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# Find a non-zero value for a such that ax^2+8x+4=0 has only one solution.

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Find a non-zero value for a such that ax^2+8x+4=0 has only one solution.

Aug 29, 2020

#2
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Find a non-zero value for a such that ax^2+8x+4=0 has only one solution.

(2x + 2)(2x + 2) = 0   so   a = 4

I can't explain how to derive this mathematically.

When I looked at the problem, I just saw the answer.

I guess you could call it one form of solving by brute force.

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Aug 29, 2020
#3
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Hmmm...right. @guest, this is a math question, and therefore it can be done mathematicaly.

How to do without brute force: All you have to do is finish Algebra 1 (or Algebra 2, depending on how your class is taught).

Using discriminants, we see that for there to be only one root, the discriminant has to equal 0. Zero, and ONLY 0. (wrote it two ways just in case)

The discriminant can be found with b^2 - 4ac. We know that:

b^2 = 64

4ac = 16a

So:

64 - 16a = 0

- 16a = -64

a =

@guest (the second one, not the first one that probably gave a random number): Now, may I ask, how did you right away see that (2x+2)(2x+2) was the answer? I'm not trying to be rude. Maybe you did not see (2x+2)(2x+2), but instead saw that when a = 4, it could be factored into 4(x + 1)^2. Maybe. Maybe you should create an account, (clairvoyant would be a nice user name) so that we could chat, and you could teach me how to see the answer right away :)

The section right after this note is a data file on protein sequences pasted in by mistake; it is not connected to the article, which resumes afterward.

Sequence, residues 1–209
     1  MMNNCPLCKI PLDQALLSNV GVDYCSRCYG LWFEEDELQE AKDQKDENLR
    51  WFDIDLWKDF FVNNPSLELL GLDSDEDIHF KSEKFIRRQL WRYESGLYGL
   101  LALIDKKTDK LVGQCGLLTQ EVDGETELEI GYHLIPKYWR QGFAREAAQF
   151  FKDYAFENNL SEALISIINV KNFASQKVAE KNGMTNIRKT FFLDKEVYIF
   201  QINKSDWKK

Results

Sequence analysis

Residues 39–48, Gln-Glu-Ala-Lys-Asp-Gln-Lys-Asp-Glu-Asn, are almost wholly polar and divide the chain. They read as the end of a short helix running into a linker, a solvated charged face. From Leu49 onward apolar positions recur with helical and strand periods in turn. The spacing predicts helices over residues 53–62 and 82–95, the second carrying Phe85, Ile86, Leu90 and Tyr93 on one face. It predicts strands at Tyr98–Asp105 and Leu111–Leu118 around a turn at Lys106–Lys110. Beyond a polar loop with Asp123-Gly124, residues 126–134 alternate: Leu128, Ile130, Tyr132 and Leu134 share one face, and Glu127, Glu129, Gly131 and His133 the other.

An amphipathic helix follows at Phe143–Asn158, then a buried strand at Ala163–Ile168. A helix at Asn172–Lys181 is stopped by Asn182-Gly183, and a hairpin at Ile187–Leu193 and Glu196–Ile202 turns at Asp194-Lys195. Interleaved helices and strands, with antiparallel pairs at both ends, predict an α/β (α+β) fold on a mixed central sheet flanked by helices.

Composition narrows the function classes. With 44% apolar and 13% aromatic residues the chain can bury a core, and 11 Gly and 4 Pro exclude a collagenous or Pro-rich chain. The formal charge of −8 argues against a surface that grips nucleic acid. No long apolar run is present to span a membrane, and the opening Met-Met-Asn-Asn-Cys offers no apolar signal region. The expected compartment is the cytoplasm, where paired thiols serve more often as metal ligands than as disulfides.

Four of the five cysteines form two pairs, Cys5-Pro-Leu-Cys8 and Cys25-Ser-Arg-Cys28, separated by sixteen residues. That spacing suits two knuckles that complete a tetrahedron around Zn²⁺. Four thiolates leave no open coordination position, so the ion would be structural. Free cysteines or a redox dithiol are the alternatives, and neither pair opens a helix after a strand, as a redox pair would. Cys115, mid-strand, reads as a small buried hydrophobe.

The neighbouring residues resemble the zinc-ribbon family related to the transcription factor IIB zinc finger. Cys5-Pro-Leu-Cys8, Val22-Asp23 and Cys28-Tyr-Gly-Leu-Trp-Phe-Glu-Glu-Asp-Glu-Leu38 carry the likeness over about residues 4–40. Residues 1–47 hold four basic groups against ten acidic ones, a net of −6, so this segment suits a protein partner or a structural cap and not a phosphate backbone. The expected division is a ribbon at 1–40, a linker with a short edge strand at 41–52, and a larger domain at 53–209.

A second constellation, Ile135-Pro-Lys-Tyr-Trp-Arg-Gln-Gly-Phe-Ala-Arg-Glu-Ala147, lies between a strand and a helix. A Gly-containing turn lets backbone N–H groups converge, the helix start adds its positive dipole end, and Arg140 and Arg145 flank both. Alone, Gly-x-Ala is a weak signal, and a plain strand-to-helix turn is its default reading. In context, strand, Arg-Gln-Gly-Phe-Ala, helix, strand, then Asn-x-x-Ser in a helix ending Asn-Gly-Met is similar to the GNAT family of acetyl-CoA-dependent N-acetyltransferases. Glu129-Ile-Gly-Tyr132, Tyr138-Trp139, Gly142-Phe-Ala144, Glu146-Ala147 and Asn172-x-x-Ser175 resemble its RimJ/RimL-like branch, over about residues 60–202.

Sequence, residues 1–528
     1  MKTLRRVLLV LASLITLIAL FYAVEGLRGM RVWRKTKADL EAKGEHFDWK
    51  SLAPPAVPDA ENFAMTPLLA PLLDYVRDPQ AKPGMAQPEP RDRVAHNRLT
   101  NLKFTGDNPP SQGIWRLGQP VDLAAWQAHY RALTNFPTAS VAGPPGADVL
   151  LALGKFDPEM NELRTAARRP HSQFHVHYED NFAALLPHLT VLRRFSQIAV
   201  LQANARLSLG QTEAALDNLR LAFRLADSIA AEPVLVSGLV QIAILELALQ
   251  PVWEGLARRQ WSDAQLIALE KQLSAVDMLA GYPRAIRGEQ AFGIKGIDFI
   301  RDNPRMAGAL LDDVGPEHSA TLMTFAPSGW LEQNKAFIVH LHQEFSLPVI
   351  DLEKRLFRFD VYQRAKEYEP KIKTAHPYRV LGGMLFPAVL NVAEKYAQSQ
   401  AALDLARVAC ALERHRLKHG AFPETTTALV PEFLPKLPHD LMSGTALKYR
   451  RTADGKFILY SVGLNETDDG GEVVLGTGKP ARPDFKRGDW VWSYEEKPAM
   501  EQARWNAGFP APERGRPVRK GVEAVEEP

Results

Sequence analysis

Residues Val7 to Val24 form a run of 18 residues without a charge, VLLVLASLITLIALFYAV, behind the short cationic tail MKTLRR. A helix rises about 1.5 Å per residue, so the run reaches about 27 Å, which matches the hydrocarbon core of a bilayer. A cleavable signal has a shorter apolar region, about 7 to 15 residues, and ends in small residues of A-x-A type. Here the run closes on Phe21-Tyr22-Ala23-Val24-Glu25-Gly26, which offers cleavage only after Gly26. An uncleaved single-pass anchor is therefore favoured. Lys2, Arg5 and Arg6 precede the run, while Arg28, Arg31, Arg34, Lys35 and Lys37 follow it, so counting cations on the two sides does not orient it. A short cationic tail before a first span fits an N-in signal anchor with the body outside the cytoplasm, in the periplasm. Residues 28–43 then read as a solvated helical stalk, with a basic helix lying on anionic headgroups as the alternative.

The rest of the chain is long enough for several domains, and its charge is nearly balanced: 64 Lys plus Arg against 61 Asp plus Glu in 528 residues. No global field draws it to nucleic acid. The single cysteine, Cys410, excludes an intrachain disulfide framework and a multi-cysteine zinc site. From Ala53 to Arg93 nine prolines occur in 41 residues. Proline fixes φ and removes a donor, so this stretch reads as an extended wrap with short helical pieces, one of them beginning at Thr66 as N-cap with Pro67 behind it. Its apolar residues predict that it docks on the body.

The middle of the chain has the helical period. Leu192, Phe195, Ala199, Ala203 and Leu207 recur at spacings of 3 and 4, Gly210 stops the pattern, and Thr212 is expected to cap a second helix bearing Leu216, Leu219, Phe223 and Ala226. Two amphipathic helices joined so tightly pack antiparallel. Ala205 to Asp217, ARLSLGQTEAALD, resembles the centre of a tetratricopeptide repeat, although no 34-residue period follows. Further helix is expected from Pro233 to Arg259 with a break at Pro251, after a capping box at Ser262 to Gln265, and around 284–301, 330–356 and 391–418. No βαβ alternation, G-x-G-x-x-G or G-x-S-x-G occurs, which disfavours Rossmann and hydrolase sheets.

Aug 29, 2020
#4
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Hello ilorty.  I saw that it was a quadratic, thus would have two roots.  For it to have "one" solution, those two roots would have to be the same, so that makes it something squared.  Then, it was just a matter of factoring an easy quadratic.  There had to be a 2 squared to obtain the 4 at the end.  I recognized that the factors would have to contain 2x to obtain the 8x in the middle (2 • 2x • 2). It takes longer to write it than it did to solve it, LOL.  I did take Algebra 1 & 2 but I don't remember discriminants, but from your example I understand now how it works.

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Guest Aug 29, 2020
edited by Guest  Aug 29, 2020
edited by Guest  Aug 29, 2020
#5
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Very smart, "clairvoyant"

I'm sorry if I sounded a bit rude, as I didn't mean to, but I was just trying to prove my point.

Though I'm not sure if you are a different guest pretending to be the original answerer...

:)

ilorty  Aug 29, 2020
#6
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a different guest pretending to be the original answerer

LOL, it was me.  I'll reveal a secret... after this, impersonators will be able to mimic me more seemingly authentically, although any reason that someone would want to eludes me.  Below the last line of my text I always place a period, bold it, change the color to white, then make it a subscript.  An impersonator wouldn't have known this before, so you can verify both posts in question were written by yours truly.

This reminds me that once, long ago, I happened across a fact that some scholar - I wish I remembered who - contended that The Odyssey was not written by Homer, but was written by a diffferent Greek named Homer.  I went, Huh?

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Guest Aug 30, 2020
#7
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Homer really is a mystery...

ilorty  Aug 30, 2020